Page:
If this foam indeed exists, the three protons should have been knocked around a bit during their epic voyage. In such a scenario, the chances of all three reaching the Fermi telescope at virtually the same time are very low, researchers said.

 

So the new study is a strike against the foam's existence as currently imagined, though not a death blow. "If foaminess exists at all, we think it must be at a scale far smaller than the Planck length, indicating that other physics might be involved," study leader Robert Nemiroff, of Michigan Technological University, said in a statement. The Planck length is an almost inconceivably short distance, about one trillionth of a trillionth the diameter of a hydrogen atom. 

 

"There is a possibility of a statistical fluke, or that space-time foam interacts with light differently than we imagined," added Nemiroff, who presented the results Wednesday (Jan. 9) at the 221st meeting of the American Astronomical Society in Long Beach, Calif.


Via Dr. Stefan Gruenwald
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Most powerful black hole blast discovered - 100 times the energy of whole Milky Way ejected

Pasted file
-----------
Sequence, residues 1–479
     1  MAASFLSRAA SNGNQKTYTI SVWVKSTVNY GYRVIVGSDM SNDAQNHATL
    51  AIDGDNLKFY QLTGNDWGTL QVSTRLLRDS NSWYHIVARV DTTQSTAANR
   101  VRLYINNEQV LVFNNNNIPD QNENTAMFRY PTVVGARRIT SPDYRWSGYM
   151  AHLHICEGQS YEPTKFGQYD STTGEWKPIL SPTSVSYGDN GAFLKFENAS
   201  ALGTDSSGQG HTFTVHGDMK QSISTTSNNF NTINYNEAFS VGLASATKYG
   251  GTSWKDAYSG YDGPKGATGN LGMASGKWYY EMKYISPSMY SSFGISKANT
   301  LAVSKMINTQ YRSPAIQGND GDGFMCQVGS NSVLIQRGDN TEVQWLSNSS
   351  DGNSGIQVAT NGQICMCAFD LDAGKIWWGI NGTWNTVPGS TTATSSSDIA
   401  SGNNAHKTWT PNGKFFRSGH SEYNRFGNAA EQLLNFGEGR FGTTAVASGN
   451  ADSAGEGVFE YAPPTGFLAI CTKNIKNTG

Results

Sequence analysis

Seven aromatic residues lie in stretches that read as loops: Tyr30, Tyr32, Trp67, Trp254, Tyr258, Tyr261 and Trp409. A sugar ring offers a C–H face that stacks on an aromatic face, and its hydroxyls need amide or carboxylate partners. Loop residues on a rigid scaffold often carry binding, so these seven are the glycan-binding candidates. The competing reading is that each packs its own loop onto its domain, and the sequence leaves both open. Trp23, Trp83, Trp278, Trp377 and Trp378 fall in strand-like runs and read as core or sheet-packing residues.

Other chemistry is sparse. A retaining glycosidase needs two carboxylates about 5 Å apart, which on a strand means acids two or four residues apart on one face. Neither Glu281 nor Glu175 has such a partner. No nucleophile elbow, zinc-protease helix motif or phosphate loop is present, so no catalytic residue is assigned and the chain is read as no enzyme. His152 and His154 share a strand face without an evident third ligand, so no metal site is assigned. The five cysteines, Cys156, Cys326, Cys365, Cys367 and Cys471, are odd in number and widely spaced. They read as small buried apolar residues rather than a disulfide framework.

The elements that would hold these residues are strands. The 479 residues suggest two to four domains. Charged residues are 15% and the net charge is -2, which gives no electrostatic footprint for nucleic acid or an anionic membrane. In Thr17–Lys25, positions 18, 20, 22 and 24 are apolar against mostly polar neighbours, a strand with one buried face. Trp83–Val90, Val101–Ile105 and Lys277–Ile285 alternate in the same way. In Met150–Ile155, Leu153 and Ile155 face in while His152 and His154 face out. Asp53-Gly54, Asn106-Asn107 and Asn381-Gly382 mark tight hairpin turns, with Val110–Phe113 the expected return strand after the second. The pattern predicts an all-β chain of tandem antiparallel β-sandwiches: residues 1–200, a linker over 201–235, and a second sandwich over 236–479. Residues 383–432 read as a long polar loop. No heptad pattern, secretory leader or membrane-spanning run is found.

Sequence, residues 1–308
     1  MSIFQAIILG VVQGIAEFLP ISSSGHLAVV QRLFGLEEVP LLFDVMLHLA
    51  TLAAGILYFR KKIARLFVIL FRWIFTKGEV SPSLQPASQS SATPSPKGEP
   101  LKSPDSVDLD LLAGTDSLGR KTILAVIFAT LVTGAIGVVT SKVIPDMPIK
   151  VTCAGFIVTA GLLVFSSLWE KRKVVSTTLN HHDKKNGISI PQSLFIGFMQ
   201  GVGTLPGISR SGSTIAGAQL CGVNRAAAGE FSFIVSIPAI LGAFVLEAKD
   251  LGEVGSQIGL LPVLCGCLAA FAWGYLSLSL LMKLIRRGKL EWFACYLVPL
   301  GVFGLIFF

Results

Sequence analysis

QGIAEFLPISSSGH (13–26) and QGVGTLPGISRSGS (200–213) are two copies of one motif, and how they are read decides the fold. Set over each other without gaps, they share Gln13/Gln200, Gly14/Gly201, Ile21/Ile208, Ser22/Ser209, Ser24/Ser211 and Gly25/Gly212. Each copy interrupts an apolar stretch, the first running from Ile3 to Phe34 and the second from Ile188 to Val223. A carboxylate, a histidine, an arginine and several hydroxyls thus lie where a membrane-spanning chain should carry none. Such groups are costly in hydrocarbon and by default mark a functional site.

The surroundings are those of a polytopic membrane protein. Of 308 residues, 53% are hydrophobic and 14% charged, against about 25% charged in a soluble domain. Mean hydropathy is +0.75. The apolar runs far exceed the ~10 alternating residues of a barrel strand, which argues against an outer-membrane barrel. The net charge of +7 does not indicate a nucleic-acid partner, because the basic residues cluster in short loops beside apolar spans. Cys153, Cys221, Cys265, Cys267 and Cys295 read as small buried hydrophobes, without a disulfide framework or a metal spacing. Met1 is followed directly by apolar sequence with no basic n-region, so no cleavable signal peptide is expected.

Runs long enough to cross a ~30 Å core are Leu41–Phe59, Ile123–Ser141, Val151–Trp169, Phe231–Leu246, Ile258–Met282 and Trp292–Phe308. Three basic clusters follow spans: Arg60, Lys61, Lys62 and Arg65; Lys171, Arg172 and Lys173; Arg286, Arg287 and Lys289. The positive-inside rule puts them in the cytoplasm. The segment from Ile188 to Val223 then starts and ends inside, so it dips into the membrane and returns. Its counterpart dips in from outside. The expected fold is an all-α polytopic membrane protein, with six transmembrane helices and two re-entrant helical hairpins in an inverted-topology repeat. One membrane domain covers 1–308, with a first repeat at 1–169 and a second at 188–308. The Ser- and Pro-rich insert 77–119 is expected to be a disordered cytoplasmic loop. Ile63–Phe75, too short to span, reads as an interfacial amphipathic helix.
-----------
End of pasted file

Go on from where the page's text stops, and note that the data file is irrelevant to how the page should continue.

Most powerful black hole blast discovered - 100 times the energy of whole Milky Way ejected | Science Communication from mdashf | Scoop.it

Astronomers analysed the energy being carried away from a huge quasar – the bright centres of distant galaxies which are powered by supermassive black holes and spew out vast amounts of matter.

 

Scientists have long claimed that extraordinarily powerful quasars must exist and play a key role in the formation of new galaxies, but until now none had been discovered which came close to their predictions.


Now measurements of a quasar known as SDSS J1106+1939 have established that it releases energy with about two million million times the power output of the Sun – the type of very high energy proposed by theorists. The team of scientists, who made their observations using the European Southern Observatory's Very Large Telescope (VLT), calculated that a mass equivalent to 400 Suns is given off by the quasar each year, at a speed of 800km per second. Dr. Nahum Arav of Virginia Tech University, who led the study, said: “We have discovered the most energetic quasar outflow known to date ... I’ve been looking for something like this for a decade, so it’s thrilling to finally find one of the monster outflows that have been predicted."